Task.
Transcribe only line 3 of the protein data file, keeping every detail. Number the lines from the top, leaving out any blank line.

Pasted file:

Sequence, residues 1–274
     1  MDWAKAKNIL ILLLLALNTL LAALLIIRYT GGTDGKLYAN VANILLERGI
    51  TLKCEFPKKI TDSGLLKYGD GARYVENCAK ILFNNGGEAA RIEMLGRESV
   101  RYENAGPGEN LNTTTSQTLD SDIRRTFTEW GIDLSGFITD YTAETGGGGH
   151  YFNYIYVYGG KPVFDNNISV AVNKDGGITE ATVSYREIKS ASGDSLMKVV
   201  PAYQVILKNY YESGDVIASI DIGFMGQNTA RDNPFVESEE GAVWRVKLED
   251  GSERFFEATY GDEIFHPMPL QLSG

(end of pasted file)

    51  TLKCEFPKKI TDSGLLKYGD GARYVENCAK ILFNNGGEAA RIEMLGRESV